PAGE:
But when the leaves fall and the smell of crisp, dry foliage fills the air, they become, shall we say, frisky and downright mean toward each other—and anything else in their way.
Rutting season is here. It’s when I feel trapped in my house and don’t hike for fear a buck will charge, ’cause they never pay cash.
On a recent hike, one scoped me while Shiloh was off trail relieving himself. When my hiking buddy calmly said, “Turn around,” and I saw this 14-pointer leap over the wood fence aiming toward me, I almost relieved myself. Fortunately, he made an abrupt 120-degree angle and headed up the hill. What a relief.
And yesterday when a 5 by 5 (ten tines on his beams) looked through our garden-level window, his knees at my eye level, and he started scratching the ground, lowering his ears, and steering his rack toward me, I closed the blinds.
He then turned left, snorted at his contender on the other side of our fence, and Mr. Testosterone Two, in turn, wheezed his reply.
Elks bugle; mule deer wheeze through their noses like elephants trumpeting through their trunks (sec 0:17 on clip). Hormones drip from their noses. I saw it. As many times as these powerful animals have been in our yard, I have never heard them make that sound.
All day long, they engaged in a standoff, each on one side of our fence, posturing like little kids who have to pee. Hindquarters lowered, knees bent inward, small movements back and forth, eyes watering, then a quick rearing of the head with a snort.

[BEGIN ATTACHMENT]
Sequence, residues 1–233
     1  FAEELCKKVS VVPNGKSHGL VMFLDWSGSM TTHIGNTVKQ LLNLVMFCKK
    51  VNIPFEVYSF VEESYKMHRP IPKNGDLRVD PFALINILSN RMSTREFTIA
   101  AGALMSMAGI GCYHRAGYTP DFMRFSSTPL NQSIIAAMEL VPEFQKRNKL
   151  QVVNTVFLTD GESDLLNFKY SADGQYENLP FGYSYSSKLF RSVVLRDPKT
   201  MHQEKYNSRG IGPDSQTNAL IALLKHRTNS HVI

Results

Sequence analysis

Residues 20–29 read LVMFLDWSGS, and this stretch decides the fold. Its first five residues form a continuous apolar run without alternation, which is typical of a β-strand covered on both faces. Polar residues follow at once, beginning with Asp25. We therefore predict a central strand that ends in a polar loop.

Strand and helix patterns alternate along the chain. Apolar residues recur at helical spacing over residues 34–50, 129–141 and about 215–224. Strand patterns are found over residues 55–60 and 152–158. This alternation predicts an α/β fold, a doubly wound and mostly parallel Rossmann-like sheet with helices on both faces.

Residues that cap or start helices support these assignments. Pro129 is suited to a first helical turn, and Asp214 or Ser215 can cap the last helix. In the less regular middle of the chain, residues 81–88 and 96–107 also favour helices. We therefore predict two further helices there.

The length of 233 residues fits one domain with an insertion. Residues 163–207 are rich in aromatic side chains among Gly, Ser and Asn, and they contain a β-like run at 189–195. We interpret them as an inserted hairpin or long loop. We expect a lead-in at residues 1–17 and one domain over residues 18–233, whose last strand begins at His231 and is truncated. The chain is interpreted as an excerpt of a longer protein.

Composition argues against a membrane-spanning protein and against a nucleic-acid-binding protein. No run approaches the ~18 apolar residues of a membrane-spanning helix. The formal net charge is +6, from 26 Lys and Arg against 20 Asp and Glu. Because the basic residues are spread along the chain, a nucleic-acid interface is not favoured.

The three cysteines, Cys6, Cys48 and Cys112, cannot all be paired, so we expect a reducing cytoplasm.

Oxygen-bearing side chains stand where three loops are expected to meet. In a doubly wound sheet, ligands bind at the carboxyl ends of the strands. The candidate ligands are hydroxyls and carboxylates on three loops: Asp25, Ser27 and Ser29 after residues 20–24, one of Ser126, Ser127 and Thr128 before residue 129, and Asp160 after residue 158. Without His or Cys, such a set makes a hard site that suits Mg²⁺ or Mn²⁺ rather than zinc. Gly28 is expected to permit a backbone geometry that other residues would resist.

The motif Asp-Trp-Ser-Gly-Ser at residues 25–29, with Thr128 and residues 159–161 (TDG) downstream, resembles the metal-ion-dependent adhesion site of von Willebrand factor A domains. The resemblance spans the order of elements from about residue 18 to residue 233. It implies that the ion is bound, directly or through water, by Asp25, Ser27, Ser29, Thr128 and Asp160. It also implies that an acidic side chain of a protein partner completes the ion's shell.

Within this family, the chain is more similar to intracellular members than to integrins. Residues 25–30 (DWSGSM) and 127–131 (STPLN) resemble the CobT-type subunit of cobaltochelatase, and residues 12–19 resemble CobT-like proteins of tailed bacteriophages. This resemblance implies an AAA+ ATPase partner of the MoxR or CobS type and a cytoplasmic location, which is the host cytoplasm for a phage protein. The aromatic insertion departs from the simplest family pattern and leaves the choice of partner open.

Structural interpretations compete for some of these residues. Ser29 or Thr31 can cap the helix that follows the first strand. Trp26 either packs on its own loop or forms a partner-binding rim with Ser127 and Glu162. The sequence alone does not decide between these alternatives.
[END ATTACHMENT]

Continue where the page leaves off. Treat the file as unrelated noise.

What a tedious chore this hostile escalation is. Occasionally, one of the adversaries will lie down and drink a beer, while the other rolls his eyes and exhales, miffed because he was so close to engaging. These two are proof that evolution can go in reverse. They’re supposed to be challenging each other for female access, but yesterday no does were to be seen in our yard.
At dusk, with the smell of musk overpowering the aroma of cracked leaves, I heard the neighbor dog whimper and felt the earth move beneath my chair. “Quick!” I shouted to my daughter, and we ran to the living room window. There were Jack Lemmon and Walter Matthau, horns locked, buck snot flying, doing an intimate tango, and destroying one of my gardens.
Crack! Two large pieces of pottery holding my stand of parsley ruined. Over bricks and flagstone, scraping and dragging their hooves across the ground, they forced each other from one side of our yard to the other. While it was as exciting as the Thunderbirds flying over the house, it was clear how much these horny deer could destroy.
Finally, one sperm donor heard his mommy calling him home for dinner, so he extricated himself from the lovelock and sprinted east through the woods, his hungry rival trailing close behind.
So now my backyard looks like the war zone it was. Jack-o’-lantern remains are strewn about. Deep, muddy gouges slice through the carpet of green grass. Flagstone is scratched white and peppered with mud. Chunks of fur lie on the grass and rock.
And the dazed doofi didn’t even leave me an antler.
copyright © 2009 by Auntie Eartha. All rights reserved.
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